You New Age DVR-ing people no longer gather round your Admiral console TV to watch Geritol commercials. You just…can’t…wait…’til morning to get your news from a PHYSICAL NEWSPAPER like good anti-communists. And so marketers and their advertising agencies are now forced to force you to look at ads where you’ve never seen them before.
This spread of advertising media placement into every physical location and aspect of your daily life is known as Ad Creep. The phenomenon started in earnest in the early aughts with innovations like advertising on foreheads. This began with small businesses offering money to young people to wear temporary tattoos between their eyes. But big businesses very much liked this idea. One of the first large-scale occurrences of forehead-vertising was in 2004 when an army of 40 people with Toyota Scion logos on their foreheads walked around Times Square to promote the newest model.
Ad Creep has exploded since then. And we are now headed steadily and unchecked toward a Minority Report Ad Creep world. And there is really nowhere to hide.
Red China? I’ve got news for you, Mao, China is Ad Creeping too. Big-time. You cannot get away from advertising that easily.
Go ahead: Buy a deserted island. You’ll be skywritten to.
Here are 10 of the most obtrusive, invasive, and downright creepy examples of Ad Creep from recent years.
1. Japanese Girls’ Thighs
We’re way beyond and below forehead advertising now.
The Japanese PR company Absolute Territory has begun paying young women to wear advertising stickers on their thighs, between the edge of their miniskirts and their high socks. More than 1,500 women — 18 and over only — have applied for the agency’s service, and their number is growing fast.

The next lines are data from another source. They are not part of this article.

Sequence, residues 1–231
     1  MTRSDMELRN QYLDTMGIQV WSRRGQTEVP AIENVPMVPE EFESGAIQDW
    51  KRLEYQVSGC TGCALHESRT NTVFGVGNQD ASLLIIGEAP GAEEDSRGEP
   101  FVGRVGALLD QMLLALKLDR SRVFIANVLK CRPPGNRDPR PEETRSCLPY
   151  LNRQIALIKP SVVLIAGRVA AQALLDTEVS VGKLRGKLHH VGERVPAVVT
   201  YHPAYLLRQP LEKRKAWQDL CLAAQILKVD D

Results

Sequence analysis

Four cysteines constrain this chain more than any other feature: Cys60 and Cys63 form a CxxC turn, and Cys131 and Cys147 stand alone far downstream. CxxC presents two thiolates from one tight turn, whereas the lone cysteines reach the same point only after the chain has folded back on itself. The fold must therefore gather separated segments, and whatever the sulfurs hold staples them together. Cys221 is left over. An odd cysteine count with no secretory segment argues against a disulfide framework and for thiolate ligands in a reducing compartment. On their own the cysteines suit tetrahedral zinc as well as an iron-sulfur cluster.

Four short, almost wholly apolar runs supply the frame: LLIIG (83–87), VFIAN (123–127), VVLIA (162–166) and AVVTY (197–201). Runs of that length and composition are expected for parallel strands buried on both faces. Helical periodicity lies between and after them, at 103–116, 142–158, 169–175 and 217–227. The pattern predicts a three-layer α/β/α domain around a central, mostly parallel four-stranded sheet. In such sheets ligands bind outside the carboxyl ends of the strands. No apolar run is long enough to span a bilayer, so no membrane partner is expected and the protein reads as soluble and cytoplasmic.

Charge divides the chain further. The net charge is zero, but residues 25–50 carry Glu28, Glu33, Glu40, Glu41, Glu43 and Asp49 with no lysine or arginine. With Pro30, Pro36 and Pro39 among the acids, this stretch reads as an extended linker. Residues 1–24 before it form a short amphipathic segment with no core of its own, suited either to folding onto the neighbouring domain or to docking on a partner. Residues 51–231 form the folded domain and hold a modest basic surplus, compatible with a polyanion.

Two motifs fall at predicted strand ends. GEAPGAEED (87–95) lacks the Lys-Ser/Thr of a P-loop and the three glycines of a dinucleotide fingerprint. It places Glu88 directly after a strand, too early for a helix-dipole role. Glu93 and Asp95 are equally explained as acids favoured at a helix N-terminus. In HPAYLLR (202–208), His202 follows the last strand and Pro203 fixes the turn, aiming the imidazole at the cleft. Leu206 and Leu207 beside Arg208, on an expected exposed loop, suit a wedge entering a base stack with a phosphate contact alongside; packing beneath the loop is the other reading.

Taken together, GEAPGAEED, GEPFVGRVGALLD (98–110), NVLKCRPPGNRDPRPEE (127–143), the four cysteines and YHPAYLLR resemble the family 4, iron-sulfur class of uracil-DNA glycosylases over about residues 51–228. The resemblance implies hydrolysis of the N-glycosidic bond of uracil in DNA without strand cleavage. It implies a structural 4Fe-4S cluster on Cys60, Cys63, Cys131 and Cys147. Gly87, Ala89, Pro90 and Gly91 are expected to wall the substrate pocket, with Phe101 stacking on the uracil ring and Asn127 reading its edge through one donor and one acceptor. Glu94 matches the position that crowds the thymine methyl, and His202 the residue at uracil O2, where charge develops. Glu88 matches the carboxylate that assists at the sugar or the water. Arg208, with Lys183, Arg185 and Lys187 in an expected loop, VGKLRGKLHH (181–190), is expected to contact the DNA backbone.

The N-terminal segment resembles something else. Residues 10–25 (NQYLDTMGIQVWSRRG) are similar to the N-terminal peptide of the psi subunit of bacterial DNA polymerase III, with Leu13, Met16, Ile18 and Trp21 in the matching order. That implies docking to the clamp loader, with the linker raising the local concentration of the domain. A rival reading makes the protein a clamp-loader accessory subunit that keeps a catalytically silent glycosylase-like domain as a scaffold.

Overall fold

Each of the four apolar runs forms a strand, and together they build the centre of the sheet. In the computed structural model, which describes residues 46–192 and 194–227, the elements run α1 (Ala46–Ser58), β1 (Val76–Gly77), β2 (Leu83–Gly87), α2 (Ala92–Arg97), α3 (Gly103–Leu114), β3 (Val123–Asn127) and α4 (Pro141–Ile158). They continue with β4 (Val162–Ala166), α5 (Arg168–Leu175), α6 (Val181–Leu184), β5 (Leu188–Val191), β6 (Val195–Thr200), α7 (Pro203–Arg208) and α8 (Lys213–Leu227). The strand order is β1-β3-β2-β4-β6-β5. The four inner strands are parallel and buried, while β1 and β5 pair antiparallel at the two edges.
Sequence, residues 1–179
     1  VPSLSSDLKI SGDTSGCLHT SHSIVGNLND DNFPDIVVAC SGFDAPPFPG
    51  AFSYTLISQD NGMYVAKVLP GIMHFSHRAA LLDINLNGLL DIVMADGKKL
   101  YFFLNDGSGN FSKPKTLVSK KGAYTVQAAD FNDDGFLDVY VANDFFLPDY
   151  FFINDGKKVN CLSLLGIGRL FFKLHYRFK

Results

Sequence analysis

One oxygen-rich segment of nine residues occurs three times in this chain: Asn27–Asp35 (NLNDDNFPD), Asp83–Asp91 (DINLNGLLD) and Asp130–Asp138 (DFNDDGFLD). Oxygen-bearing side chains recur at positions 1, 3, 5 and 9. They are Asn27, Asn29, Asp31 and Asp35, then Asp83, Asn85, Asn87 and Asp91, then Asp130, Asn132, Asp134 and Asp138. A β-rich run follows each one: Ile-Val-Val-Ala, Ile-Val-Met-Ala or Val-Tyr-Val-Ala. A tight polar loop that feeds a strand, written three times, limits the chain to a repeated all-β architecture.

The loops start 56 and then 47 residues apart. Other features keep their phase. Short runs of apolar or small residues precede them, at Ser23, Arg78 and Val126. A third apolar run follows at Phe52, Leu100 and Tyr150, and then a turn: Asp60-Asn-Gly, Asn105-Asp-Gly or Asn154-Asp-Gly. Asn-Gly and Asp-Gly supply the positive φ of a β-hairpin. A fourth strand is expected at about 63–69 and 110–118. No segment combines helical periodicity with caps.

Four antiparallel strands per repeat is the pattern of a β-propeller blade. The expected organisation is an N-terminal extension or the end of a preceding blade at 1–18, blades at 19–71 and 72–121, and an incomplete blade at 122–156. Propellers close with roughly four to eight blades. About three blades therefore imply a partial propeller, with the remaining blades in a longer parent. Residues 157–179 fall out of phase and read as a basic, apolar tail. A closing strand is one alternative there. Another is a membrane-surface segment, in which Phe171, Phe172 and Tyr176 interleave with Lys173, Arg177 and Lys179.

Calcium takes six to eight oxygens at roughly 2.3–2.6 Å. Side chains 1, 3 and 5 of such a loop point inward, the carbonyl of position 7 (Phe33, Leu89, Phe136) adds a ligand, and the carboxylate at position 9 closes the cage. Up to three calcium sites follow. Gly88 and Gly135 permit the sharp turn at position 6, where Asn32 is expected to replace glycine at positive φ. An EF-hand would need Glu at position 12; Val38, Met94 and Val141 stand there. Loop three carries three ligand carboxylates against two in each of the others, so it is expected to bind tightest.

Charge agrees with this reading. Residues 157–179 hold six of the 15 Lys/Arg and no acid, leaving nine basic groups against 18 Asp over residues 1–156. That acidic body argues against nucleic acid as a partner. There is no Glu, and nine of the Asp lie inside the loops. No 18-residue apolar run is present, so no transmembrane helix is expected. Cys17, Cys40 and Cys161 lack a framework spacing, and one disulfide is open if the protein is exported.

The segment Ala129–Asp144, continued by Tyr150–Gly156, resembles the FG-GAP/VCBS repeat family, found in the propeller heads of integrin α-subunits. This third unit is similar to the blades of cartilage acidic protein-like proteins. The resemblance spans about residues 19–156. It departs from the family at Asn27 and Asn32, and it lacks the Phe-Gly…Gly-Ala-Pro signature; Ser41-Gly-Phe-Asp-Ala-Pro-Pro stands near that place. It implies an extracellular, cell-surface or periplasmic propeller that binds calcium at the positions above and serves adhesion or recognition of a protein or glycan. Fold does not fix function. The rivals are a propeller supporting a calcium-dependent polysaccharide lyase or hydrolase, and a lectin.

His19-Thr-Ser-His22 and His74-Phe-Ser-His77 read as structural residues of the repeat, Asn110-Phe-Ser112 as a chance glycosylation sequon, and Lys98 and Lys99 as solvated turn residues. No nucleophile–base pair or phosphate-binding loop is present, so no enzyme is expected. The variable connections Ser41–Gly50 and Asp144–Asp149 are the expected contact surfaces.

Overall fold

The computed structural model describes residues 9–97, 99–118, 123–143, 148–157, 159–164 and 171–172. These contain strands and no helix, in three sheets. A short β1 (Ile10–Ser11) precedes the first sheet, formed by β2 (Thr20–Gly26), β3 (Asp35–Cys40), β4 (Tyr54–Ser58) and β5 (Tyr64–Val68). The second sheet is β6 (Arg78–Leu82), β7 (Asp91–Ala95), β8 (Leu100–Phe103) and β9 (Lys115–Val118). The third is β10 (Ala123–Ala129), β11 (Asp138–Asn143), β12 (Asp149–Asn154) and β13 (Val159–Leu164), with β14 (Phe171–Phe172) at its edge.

After choosing a sticker ad, the woman has to wear it for at least eight hours a day, for a set period of time, in order to receive payment. To prove these women are actively going out and promoting their thigh ads, they have to post photos of themselves wearing the stickers on their Facebook, Twitter, or other social media accounts.
2. Superette Women’s Clothing Boutique
How’s this for invasive? Superette, an Auckland boutique chain, wanted to promote a short shorts sale. According to ad agency DDB Auckland’s press note:
We put indented plates on bus stop, mall, and park benches, so that when people sat down, the message was imprinted on their thighs. This meant that as well as having branded seats, a veritable army of free media was created, with thousands of imprints being created and lasting up to an hour.
However, unlike the Japanese girls, these Kiwi women weren’t paid.
In 2008, Right Guard tested an Ad Creep in the London Underground that involved sewing tiny TVs into the armpits of shirts worn by hired guerrilla marketing actors. A Right Guard commercial actually played continuously on the tiny screen.
4. The Government of Luxembourg
Next: How about the meat aisle at your local supermarket?
The copy reads:
If you pay a prostitute, you’re financing human trading. Every year, 2,450,000 people become victims of human trafficking, of whom 92% end up being used for human sex. 98% of the victims used by the sex industry are women and children!”
A good cause, yes, but this is Grade A creepy.
5. Amnesty International
Let’s stay in the human rights category.
You may have seen ads on airport luggage carousels, but none as creepy as this.